Saturday 20 September 2014

What Next for Politics?

It's been a huge week, a profound week for British politics. What does it all mean for the parties and movements jostling for position in the referendum's aftermath?

As far as Westminster is concerned, a bullet has been dodged. There is a cloying desire for a return to business as usual, and just as many determined to carry on as if it has. Not least among them is our old pal Dan Hodges. With the referendum done he's turned in one of the worst, most complacent articles I've seen. On the basis of Dave hitting the TV cameras yesterday morning to announce he's tying further Scottish powers up with English votes on English laws, the election next year is all wrapped up. Slam dunk. Unfortunately for Dan, good speeches don't win elections. As confident as Dave appeared let's not pretend his position is anything but precarious. His panicky sojourns to Scotland exposed him - again - as weak. This is the Prime Minister reduced to saying "please, please, please, please, please vote no"; who referred to his own party as the 'effing Tories'. Is this behaviour of a man secure in both party and parliament? Is a leader bounced by backbench revolts into promising a two-speed Westminster someone in control? Dave and Crosby think hitching English votes to Scottish powers is a trap waiting for Labour, forcing them to renege on promises made, but most people will see it for what it is: a cynical wheeze to buy off restive MPs. Unlucky for him, the path to the new Scotland Act is not entirely in Dave's hands. The renegacy is all Dave's should he try and delay it.

The only good thing Dave did in this campaign was to concede the referendum in the first place. In true Tory fashion, the No campaign was outsourced to an alternative provider: the Labour Party. It was they who held the line in Scotland, provided the energy and activism, knocked on the doors and got out the vote. Dave absented himself from the field while Alistair Darling and a resurgent Gordon Brown made the case. Not only was Labour effectively alone on Scotland's streets defending the union, they were seen to be the only party batting for it too. That most stubborn of breeds, the Scottish Tory, saw their party vanish. Don't be surprised if a few of them punt on Labour next time. Similarly in England, centrist pro-union voters will have noted the same thing. And don't expect Ed Miliband to be too quiet about it. His One Nation scrapped with 'two-nationism' and the 'one state solution' emerged the winner. He'd be crackers not to try and capitalise on it over the coming months. Not all is rosy though. Many comrades who headed north were shocked by the decrepit state of Scottish Labour. Hardly surprising when you think positioning yourself to the right of the SNP's soft social democracy is the best thing a centre left party can do. Yet while the organisation isn't in the rudest of health, one shouldn't automatically suppose big Yes votes in Labour areas means its support has collapsed. According to Lord Ashcroft, 40% of Labour and LibDem voters supported Yes. Similarly, 14% of SNP voters said no. Are they going to suddenly switch? When it comes to May next year, I suspect too much is being read into Labour's "collapse".

I think everyone can agree how blissful it has been to have had a politics mostly free of Nigel Farage and his squalid little band. But now the referendum is done, they're determined to make the most of the constitutional opening. Yesterday he was out posting letters to Scottish MPs to ask them not to vote on "England-only" issues. Yet, for once, the media aren't entirely biting. Crosby and Dave we'll cheery toasting a few into thinking they've headed UKIP off at the pass - on this issue at least it's the Tory leadership who'll be doing the running. However, their clever clever silver lining comes with a big dark cloud. English votes for English laws is all about embedding Tory party influence in England. It has hijacked "fairness" to ensure its legacy in England cannot be repealed should they retain a majority here. Dave wants to log jam future governments in the belief Tories will benefit electorally from inevitable crises. What this silly man doesn't realise is it could end up helping his UKIP nemesis. In next year's tight election, the message is a clear "vote UKIP, get Labour". But the fixation on England betrays his thinking that this is safe Tory territory. The more Dave intimates that the Tories will get in in England, the more he undermines his line of attack against UKIP and the less likely Tory/UKIP switchers sympathetic to that message will break his way. It also emboldens those Tory MPs excited by the fantasy of a Tory-UKIP pact, if they think such a lash up would thwart Labour in perpetuity.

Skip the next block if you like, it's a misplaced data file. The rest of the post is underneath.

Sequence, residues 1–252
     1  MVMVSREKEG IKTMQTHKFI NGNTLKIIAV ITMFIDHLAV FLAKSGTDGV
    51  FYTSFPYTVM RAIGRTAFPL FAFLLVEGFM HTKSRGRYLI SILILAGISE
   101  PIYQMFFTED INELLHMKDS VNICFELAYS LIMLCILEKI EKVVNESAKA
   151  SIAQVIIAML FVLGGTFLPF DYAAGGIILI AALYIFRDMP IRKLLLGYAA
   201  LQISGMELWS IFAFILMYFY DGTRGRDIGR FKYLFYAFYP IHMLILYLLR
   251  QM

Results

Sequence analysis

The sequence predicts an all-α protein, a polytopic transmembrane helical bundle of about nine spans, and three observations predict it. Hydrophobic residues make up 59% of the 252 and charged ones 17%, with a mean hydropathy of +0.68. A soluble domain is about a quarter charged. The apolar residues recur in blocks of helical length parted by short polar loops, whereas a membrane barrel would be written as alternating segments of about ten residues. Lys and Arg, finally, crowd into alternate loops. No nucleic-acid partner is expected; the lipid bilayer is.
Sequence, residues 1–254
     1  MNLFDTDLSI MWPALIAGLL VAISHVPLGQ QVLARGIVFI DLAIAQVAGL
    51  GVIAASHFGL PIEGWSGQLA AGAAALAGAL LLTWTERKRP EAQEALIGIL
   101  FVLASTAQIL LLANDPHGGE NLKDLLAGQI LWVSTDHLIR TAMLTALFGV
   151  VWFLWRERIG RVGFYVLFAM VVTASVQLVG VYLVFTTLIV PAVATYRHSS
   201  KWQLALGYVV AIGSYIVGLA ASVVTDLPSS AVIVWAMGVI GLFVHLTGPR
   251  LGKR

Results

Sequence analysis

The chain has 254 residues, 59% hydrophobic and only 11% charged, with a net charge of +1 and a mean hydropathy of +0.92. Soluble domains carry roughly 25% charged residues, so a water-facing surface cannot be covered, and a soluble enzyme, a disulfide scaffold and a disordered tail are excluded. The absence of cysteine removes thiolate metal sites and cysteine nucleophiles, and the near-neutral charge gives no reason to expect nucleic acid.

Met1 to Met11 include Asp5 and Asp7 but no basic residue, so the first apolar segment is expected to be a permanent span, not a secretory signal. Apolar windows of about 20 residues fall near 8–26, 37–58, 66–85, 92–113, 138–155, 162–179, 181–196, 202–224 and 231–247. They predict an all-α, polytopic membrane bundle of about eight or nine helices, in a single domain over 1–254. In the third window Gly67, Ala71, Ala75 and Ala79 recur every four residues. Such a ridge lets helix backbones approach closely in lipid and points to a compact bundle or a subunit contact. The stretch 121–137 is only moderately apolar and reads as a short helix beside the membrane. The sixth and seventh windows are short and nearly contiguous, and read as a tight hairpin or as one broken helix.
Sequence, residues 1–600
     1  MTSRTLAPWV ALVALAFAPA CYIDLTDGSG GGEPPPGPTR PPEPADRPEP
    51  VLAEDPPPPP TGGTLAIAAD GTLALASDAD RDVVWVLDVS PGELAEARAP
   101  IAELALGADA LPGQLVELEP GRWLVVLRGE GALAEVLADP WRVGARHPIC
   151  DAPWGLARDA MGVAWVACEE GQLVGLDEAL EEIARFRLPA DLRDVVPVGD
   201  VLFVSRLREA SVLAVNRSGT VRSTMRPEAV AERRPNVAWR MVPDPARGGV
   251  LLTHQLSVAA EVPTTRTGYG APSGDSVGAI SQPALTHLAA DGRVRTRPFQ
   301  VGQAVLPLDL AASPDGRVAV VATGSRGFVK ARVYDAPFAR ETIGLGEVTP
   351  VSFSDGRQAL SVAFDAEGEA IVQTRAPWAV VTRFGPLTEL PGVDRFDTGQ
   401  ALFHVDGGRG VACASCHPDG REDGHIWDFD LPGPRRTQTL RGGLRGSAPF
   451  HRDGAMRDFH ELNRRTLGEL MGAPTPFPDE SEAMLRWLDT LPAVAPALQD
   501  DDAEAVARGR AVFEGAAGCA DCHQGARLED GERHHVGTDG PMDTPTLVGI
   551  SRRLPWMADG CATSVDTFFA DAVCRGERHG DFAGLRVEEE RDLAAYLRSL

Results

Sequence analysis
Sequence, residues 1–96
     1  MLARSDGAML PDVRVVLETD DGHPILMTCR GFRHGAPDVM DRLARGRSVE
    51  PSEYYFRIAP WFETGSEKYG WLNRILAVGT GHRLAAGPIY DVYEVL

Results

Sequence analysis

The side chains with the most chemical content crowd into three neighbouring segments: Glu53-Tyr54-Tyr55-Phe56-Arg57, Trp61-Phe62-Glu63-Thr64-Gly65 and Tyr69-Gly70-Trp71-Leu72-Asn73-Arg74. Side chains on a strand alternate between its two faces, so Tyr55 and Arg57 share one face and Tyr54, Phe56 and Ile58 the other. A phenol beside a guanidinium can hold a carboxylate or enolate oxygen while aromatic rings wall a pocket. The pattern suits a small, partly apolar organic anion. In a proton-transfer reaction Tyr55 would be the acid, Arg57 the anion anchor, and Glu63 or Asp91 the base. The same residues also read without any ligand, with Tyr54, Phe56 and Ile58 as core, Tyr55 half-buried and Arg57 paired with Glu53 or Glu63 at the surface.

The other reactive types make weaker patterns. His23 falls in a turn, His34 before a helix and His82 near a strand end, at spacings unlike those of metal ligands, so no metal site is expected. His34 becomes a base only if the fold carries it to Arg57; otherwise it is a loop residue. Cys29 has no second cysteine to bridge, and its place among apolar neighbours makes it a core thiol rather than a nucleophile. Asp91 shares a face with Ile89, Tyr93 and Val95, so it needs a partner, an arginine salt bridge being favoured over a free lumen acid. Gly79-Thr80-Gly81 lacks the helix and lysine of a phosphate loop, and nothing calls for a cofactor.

Last night's ugly scenes in George Square were depressing as they were predictable. Had Yes won out I have no doubt this repulsive mix of loyalists, assorted fascists and EDL/SDL/Britain First scum would have done the same to "remind" Scotland that they're staying put. But in terms of more significant political shifts in the bowels of Scottish society, it's what's going to happen to the Yes movement that could have greater repercussions. Much has been made of its class character, but noted here earlier in the week, the movement was under the SNP's thumb and as such would probably demobilise, leaving our movement, the workers' movement, no stronger. On cue Nicola Sturgeon has reported that the SNP recruited 4,000 people in 36 hours. A soft left nationalist movement led by a bourgeois nationalist party ends up strengthening that bourgeois nationalist party - didn't see that coming. Still, we can take comfort that Socialist Party Scotland signed someone up too. Okay, I am being a bit naughty. The strong relationships and weak ties forged between different camps will, I hope, feed into more left and socialist activism over the longer term. But it hasn't got off to the most encouraging of starts.

Twitter regulars will have seen thousands of Yes'ers rebadge themselves as 'the 45'. So named after the 45% who gave independence the thumbs up, you can understand the desire to hang onto the camaraderie forged in the heat of political struggle. Yet all this is achieving is identifying themselves with a large "enlightened" minority against the forelock-tugging drudges who filed into the polling booths to vote no. It's an internalisation of division, the logical culmination of a nationalist project. While some, a small minority it has to be said, are trying to move the emerging sentiment toward an internationalist perspective, they are outnumbered by those for whom the 55% were scabs and traitors. So much for Yes's sublimated class politics. Bugger the 99%.

After the referendum, what now? For Scotland, it's to make sure the promises made last week are delivered as per the promised timetable. For the rest of the UK, and England particularly, it's to ensure a new UK-wide constitutional settlement fires the imagination and engages masses of people. Yes to a democratic convention, no to the narrow nobbling of parliament.